4gb of ram. Its only $90-95 for 2 x 2gb kits right now. Get it while its so cheap-it won't be a year from now.

    Now what most should be addressing is why they wasted $500-700 for a MBP over a MB. Thats where 99% of the
    people would never notice any difference.
     
  8. SaSaSushi macrumors 68040

    SaSaSushi

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    #8
    I sarcastically alluded to it above but I sort of get the impression you're pulling these percentages and ratios out of your butt. :rolleyes:

    For the record, I explained quite clearly above how I "use it". 2GB is not enough to run OS X and Windows in a VM simultaneously. More often than not I'd get spinning beach balls of death and have to reboot the machine, often damaging the VM (which in my case is my Bootcamp partition) in the process.

    4GB was a night and day difference. Transitions between the two OSes are now smooth as silk. I run a LOT of background apps. 4GB makes a difference for me period. Your mileage may vary but do speak for yourself. :p
     
  9. Demigod Mac macrumors 6502a

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    Apr 25, 2008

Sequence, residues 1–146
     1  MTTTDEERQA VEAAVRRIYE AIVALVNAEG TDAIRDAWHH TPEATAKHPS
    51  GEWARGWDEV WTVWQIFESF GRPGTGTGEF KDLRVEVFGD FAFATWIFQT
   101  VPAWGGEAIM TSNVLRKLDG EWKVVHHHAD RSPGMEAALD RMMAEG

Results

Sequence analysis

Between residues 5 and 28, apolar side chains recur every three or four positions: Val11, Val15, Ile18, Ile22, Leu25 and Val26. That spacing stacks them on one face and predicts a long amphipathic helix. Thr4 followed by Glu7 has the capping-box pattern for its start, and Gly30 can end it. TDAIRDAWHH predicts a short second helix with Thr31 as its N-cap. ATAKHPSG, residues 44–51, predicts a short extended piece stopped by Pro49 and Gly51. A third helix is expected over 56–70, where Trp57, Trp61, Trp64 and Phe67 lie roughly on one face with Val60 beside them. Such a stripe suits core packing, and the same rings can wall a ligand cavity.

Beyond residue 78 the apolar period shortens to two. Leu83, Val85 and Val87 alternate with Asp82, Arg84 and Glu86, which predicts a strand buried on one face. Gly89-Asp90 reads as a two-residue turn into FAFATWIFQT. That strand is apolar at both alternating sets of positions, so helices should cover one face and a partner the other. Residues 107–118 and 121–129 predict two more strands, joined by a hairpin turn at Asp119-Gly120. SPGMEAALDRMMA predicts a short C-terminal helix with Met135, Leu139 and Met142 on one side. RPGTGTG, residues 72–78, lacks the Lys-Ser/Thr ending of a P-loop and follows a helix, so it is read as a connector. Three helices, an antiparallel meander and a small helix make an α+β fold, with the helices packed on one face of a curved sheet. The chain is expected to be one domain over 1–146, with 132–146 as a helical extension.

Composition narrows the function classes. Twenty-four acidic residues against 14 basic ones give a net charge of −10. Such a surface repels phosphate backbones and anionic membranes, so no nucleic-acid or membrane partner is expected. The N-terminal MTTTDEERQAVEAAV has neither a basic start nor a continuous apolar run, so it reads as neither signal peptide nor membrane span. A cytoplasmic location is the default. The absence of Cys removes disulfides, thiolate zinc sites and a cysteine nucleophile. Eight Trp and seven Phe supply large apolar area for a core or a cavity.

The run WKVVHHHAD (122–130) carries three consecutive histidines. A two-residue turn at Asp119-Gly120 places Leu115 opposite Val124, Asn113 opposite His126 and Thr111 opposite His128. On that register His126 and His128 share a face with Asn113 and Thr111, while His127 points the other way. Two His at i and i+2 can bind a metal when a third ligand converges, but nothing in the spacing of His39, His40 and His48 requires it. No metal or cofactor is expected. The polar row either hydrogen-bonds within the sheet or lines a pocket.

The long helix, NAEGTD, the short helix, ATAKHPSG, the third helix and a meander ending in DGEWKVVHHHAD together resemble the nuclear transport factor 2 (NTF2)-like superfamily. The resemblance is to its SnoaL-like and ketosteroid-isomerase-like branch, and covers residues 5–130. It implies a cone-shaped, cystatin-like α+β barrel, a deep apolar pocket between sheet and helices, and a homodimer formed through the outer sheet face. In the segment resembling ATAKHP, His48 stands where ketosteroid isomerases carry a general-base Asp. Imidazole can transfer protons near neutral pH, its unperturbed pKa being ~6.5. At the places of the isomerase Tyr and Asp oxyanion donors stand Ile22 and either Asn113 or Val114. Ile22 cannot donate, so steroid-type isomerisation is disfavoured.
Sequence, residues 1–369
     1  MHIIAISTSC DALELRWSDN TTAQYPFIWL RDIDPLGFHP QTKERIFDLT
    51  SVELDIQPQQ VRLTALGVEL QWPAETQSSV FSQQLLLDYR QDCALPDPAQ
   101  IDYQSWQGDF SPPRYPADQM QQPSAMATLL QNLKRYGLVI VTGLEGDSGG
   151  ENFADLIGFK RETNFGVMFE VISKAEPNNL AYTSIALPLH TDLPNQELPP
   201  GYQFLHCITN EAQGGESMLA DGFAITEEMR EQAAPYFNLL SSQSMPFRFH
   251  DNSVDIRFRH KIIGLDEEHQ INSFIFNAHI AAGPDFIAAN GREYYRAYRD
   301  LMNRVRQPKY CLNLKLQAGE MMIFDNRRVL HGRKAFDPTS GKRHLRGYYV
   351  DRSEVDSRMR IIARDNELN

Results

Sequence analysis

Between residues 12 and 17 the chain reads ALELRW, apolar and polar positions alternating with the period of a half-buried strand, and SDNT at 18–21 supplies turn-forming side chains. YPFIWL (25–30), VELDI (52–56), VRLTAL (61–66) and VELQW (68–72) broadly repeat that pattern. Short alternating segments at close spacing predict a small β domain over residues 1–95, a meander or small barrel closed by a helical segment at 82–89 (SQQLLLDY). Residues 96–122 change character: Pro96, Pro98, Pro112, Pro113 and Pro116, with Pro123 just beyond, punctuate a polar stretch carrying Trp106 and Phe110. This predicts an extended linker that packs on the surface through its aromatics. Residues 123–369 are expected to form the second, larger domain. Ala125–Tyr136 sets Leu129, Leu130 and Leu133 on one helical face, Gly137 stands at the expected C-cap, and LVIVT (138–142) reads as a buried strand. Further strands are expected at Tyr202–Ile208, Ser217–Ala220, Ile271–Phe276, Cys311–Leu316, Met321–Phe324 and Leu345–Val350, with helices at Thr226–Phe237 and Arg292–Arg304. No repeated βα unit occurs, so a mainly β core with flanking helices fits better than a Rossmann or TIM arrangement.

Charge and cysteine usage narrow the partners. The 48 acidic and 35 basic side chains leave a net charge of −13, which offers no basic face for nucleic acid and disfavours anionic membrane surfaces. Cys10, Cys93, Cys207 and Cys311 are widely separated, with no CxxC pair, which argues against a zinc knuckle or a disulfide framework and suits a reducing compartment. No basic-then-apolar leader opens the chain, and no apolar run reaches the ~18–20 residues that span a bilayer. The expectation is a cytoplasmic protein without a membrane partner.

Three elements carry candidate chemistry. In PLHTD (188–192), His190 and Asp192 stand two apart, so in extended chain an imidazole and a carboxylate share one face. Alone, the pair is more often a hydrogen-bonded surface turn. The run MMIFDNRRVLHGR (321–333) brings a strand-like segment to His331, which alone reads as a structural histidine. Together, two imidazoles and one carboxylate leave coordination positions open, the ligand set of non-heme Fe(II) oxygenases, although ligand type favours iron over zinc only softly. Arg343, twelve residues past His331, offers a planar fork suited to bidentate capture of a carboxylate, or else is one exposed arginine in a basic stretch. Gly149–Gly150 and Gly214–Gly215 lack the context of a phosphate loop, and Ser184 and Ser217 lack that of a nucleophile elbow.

#9
    RAM is one of those things: buy more if you can afford it. Your computer won't say no.

    As far as future-proofing your machine goes, RAM is one of the easiest, cheapest and best upgrades.
     
  10. brop52 macrumors 68000

    brop52

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    #10
    Go for it. You can get great deals on Newegg.
     
  11. localoid macrumors 68020

    localoid

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    #11
    Do you "need" ram? Open your typically used apps and then open Activity Monitor -> System Memory and look at your page outs. Do your typical tasks, then check your pages outs again... if pageout = 0, you're not in need of additional ram. If the pageout >0 and the number keeps rising rapidly (as you continue to use the apps), then you could use more ram. A few pageouts, without the rapid rise in numbers, typically isn't a real problem.

    Unless you're using apps that use large data files (like a 2GB photo being edited in a photo app, etc.) or using a great many apps at once you're probably not in great need of 4GB or ram. However your system's "pages outs" will show whether you do really do (need ram) or not. If you don't "need" ram (pageouts, etc.) then you're not notice any great speed increase, e.g., adding ram to your machine won't auto-magically make it "snappier".
     
  12. Full of Win macrumors 68030

    Full of Win

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    #12
  13. brop52 macrumors 68000

    brop52

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    #13